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Detail of Aidah Muluneh, Sai Mado (The Distant Gaze), 2016

Exhibition Home

Backtalk: Artists on Native, African, and African American Stereotypes is part of a collaborative, broad-reaching examination on the persistence of racial and cultural stereotypes. Following the vision of Johnnetta Betsch Cole, director emerita, National Museum of African Art (NMAfA), to examine stereotypes across cultures, this online exhibition explores how select visual artists interrogate and engage racial and cultural stereotypes in their creative practice. The curatorial team chose to focus on a diverse group of artists from various backgrounds, geographies, and contexts who are represented in Smithsonian Institution collections and have addressed intersecting themes and subjects relevant to the impact of cultural and racial stereotypes. A by-product of the 2017 symposium “From Tarzan to Tonto: Stereotypes as Obstacles to Progress Toward a More Perfect Union,” sponsored by the Smithsonian Institution’s National Museums of African Art, African American History and Culture, and the American Indian, Backtalk features works by nine 20th- and 21st-century artists who capture, reflect, and/or speak back to the stereotype.


Gender Exhibition Section

Mickalene Thomas, Portrait of Mnonja, 2010


Politics Exhibition Section

James Luna, Take a Picture With a Real Indian, 2010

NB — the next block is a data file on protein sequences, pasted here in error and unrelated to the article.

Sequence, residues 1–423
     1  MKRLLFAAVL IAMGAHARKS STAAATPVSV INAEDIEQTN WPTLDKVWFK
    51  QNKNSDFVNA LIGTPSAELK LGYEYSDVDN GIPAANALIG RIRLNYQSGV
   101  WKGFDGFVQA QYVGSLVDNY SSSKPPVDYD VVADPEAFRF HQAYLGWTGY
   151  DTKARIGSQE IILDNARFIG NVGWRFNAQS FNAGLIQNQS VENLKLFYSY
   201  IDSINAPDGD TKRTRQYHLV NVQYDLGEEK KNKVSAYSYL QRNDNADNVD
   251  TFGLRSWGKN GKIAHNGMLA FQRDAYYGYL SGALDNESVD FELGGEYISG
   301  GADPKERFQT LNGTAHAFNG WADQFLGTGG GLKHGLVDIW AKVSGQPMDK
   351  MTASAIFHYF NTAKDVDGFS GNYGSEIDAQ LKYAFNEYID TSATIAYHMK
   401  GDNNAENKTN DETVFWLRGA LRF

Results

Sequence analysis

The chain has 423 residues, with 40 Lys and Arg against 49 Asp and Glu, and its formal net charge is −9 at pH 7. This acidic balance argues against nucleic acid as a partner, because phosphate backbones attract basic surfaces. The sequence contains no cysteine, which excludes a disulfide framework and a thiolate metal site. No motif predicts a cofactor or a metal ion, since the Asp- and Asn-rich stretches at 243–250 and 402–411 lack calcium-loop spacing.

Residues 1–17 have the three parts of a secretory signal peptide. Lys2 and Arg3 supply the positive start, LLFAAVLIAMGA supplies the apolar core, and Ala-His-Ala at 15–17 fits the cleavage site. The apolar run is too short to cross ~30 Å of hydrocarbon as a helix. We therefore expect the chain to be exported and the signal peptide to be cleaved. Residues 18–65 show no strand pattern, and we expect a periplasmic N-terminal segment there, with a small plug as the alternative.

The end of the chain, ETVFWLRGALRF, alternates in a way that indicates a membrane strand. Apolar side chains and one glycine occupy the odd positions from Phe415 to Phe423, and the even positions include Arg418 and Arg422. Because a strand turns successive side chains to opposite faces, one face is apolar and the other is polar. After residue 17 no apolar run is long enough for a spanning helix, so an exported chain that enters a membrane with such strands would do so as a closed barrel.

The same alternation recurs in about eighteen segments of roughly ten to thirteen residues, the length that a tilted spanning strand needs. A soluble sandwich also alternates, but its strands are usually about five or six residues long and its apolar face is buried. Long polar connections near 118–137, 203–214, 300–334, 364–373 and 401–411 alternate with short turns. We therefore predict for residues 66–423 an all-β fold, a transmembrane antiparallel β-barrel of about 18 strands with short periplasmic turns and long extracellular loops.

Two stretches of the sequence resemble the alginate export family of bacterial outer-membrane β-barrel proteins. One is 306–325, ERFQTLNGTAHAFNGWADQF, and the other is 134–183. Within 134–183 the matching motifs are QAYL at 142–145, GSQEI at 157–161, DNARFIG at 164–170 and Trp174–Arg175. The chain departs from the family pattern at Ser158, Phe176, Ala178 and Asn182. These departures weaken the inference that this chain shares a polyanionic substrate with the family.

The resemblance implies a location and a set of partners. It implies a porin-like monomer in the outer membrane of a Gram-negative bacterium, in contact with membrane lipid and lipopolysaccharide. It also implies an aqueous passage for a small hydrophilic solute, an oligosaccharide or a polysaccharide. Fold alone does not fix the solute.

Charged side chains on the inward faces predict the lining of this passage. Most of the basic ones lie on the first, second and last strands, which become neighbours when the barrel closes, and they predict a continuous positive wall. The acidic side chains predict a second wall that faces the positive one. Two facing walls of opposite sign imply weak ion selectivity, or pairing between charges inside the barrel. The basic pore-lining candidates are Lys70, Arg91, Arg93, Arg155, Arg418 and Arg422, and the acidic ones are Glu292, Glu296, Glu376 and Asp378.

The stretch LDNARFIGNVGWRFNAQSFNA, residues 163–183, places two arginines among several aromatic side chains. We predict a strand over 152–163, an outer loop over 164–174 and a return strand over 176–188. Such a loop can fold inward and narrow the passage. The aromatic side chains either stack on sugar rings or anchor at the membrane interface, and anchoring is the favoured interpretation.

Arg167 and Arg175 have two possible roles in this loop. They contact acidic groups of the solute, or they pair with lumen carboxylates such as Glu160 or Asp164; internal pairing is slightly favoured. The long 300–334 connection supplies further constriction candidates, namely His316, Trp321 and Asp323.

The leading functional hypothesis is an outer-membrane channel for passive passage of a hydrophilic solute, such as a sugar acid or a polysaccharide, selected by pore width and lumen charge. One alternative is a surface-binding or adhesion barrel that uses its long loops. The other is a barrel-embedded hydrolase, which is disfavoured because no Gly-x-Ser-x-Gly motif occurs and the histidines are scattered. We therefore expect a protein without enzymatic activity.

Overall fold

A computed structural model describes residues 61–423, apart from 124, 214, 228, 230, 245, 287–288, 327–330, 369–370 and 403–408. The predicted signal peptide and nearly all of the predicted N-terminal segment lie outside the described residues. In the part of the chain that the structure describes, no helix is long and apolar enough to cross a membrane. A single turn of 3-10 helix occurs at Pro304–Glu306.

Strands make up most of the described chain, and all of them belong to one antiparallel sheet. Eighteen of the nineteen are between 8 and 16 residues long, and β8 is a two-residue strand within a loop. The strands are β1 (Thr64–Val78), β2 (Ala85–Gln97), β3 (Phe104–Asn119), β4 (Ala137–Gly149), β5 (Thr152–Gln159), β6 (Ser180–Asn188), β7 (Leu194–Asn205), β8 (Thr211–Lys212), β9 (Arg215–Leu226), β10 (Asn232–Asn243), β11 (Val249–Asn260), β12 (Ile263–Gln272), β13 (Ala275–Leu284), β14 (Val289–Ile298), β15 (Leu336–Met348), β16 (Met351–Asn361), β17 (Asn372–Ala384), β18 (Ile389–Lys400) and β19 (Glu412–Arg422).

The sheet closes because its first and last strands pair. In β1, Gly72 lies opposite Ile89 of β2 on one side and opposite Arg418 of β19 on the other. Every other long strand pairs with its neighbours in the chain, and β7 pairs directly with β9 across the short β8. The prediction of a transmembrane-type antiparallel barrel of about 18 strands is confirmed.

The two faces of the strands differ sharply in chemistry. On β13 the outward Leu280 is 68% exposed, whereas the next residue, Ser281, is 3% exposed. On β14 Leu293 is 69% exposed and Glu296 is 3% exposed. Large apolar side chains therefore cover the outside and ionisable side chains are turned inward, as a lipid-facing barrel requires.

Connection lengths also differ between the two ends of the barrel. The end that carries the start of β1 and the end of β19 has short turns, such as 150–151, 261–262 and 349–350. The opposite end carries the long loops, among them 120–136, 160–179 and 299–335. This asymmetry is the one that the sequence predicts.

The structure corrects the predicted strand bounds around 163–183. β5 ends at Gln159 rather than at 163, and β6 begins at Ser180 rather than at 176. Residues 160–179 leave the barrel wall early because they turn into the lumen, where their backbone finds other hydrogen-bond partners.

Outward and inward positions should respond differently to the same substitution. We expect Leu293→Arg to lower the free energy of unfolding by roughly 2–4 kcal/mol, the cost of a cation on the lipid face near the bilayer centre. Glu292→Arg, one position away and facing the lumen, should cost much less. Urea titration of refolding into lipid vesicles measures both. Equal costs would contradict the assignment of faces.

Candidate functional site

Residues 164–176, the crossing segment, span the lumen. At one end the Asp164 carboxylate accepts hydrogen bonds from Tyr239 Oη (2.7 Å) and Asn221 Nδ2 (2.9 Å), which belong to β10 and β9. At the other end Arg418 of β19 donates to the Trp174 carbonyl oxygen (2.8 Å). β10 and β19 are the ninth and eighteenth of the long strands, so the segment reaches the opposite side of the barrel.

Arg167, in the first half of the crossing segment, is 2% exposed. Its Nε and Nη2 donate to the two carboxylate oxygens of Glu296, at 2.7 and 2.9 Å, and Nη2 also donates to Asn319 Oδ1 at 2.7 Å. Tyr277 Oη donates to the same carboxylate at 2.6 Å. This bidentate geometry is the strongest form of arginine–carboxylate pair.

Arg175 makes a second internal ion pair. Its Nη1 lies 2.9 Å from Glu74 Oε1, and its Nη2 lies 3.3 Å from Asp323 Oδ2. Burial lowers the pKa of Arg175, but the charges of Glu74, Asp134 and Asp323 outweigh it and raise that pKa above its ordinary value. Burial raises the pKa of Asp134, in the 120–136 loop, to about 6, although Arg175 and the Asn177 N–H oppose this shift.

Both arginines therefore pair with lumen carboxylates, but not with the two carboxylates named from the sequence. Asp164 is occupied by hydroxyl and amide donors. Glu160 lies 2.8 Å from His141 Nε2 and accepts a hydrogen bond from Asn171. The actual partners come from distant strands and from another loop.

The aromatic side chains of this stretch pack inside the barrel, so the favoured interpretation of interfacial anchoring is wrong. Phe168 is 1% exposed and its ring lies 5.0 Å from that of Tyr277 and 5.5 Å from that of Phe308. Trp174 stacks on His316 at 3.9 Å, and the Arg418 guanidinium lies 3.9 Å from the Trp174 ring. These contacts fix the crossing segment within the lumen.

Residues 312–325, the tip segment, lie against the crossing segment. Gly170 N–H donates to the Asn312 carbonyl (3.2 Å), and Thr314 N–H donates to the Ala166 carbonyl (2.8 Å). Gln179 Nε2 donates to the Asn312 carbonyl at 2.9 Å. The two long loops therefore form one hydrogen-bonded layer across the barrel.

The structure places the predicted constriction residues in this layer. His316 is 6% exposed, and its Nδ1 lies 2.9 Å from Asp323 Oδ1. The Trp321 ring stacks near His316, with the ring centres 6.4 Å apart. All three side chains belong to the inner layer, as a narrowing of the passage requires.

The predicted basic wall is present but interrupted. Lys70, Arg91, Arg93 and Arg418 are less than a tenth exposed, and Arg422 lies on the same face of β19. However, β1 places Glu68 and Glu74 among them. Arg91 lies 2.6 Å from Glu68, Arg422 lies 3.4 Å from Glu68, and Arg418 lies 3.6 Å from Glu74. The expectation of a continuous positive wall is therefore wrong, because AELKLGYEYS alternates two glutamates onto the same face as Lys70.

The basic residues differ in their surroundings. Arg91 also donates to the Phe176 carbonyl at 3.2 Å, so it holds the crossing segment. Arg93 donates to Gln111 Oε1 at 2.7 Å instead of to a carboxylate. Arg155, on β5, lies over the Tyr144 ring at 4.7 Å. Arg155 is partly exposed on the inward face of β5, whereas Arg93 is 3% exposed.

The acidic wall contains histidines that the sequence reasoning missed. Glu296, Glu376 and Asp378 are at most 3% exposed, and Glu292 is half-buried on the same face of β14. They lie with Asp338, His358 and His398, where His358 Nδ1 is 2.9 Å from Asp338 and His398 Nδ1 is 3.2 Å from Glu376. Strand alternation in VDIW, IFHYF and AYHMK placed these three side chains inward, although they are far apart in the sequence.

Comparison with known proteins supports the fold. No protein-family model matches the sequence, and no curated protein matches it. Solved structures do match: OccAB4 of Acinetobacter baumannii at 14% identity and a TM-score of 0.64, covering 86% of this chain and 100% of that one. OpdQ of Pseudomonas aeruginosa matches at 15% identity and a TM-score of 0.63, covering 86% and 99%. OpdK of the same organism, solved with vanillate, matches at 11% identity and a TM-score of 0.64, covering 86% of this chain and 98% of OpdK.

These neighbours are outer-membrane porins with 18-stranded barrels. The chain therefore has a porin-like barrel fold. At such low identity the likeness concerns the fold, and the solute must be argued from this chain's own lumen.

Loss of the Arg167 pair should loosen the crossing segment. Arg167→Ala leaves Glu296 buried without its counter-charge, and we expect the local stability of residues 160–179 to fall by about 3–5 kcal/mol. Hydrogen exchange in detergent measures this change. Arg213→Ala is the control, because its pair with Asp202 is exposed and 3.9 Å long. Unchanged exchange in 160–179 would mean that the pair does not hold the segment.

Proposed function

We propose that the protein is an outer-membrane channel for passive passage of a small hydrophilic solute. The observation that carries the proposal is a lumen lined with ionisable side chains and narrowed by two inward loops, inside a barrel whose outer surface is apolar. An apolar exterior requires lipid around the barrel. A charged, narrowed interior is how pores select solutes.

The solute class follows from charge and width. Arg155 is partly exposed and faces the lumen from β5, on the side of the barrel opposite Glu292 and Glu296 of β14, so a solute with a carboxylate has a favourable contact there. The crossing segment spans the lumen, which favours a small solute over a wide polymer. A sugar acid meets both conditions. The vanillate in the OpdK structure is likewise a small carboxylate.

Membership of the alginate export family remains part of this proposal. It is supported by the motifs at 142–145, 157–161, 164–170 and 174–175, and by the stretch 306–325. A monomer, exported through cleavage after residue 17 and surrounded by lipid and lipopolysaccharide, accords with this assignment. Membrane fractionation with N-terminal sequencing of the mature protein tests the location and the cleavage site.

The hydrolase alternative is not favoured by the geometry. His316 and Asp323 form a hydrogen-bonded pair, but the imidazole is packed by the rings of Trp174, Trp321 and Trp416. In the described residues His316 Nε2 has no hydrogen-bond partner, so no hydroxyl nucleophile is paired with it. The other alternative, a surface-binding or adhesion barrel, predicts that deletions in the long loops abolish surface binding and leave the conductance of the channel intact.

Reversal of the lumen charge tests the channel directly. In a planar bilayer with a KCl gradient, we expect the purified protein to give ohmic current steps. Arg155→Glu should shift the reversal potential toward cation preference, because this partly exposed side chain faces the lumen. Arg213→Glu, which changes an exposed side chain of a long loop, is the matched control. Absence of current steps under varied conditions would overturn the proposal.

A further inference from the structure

Historical Narratives

Historical Narratives Exhibition Section

Mary Sibande, Sophie–Merica, 2009

The exhibition addresses three general themes—gender, politics, and historical narratives. We examine how the gendered spaces created by the artists engage issues of race and gender as they play out in the history of representation. These images contest racial essentialism and challenge expectations as well as longstanding ideas related to gender norms. Images of the political body reveal anxieties of being and belonging, allegories of liberty, and the ironies of citizenship in a nation fraught with racial tension. By considering historical narratives, we present works in which contemporary identities and histories collide. The artists challenge historical assumptions and destabilize Western power dynamics by unveiling the profound influence of colonization and racism on the writing of history. All of the works in Backtalk speak from the perspective of the “Other,” and invite us to rethink the impact of institutionalized racism and sexism on issues of individual identity, authenticity, and the history of representation.

Artists have long been at the center of the creative critical reactions and responses to the power of stereotypical narratives. The select artworks in Backtalk: Artists on Native, African, and African American Stereotypes reveal how art can confront the vagaries of history and memory through self-representation and in turn encourage greater human empathy and tolerance among our interconnected global community.

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